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Designer Diary: GodZ, or Making the Makers

Diego Cerreti
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Board Game: GodZ
"A god game, with tiles."

It sounded at the same time as a lot and a lack of information, but that was, in a few words, the publisher's request.

Red Glove was planning to release a new game set in the universe of Super Fantasy and asked their lead designer Marco Valtriani to start a project about it. I really love the genre, and he knows it, so I was glad when he asked me to design the game with him. To be precise, I think I answered "yes" even before listening to the end of the question.

A god game! Wow. Marco and I were really excited. We got a lot of freedom from the publisher about the system of the game and only a few boundaries: price category, target, product line, and some restrictions about components. "A god game, with tiles", as I said before.

So we had a lot of power to do a lot of things, but as you know, with great power comes great responsibility — and ours were really great: Design the first new game for Red Glove's Strategy Line, a game with a high recall to some wonderful video games all of us played and loved in our young age such as Populous and Black & White; what's more, design my first game as a "real" game designer.

I was a little scared. Marco and I had worked on different titles for some time, but this would be my first game to be published and on the shelves. I was not totally new to game design, and Marco is quite a good life net, but hey, it still was going to be my first game released.

Despite the good synergy between us, our first weeks of work were leading us to a point that did not satisfy our idea of a "god game"; we had focused on the "tile placement" part, the building of the world by the hand of gods, with a lot of effects coming from the land tiles you placed. Sure, we had the potential for a tactical game, but it was so cold and so "not divine" that we decided to make a breakthrough: we called Red Glove CEO Federico Dumas and said, "We need more than tiles to make the players feel like gods. We have some ideas..."

Asking for more components was a bit risky, but we had made some calculations and were pretty sure we were still in the right price category.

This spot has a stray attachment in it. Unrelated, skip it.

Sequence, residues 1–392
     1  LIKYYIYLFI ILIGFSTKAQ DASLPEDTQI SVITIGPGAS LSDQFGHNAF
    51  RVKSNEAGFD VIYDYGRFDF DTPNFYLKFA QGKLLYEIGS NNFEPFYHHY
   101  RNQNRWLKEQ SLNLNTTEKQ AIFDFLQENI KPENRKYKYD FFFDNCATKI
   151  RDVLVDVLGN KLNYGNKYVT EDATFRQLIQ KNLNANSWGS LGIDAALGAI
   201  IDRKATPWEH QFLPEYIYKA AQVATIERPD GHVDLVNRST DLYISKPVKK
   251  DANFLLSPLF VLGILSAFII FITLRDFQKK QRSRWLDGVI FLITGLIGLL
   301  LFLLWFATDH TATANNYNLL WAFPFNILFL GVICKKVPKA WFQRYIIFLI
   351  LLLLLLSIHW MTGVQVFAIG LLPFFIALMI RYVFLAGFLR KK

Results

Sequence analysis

"Okay", said Federico.


Our work began once again, but this time with something more than just "a lot of power" — we had more components and the blessing to realize a game that would be more complex and deep.

The first thought was how to make the players feel that they were acting like gods. In many games, the player is a god over the board, moving men with his hand, building things, and making wars. We needed something more, something more similar to the games I mentioned before, a world to build in which the little men spread on the land are expendable pawns of a greater plan, the player's plan, the Great Plan of Glory and Divinity. So we had to make it possible to think about great plans without limiting the players too much; after all, they are gods and need the power to influence the world in an important way, but they are competing with each other, so they cannot do everything, or the competition would be an Olympic brawl.

We needed a way to regulate the actions without frustrating the idea of being a god, and this way came from a system Marco exploited in a prototype, one of the prototypes he made "just to test how this thing works". Initially the system was a pyramid of actions in which each turn the player had fewer choices, but more powerful actions to perform.

From gallery of Dy979
The first action system: A pawn starts at top and descends as you perform actions; the more actions you take,
the fewer points you score when you're finished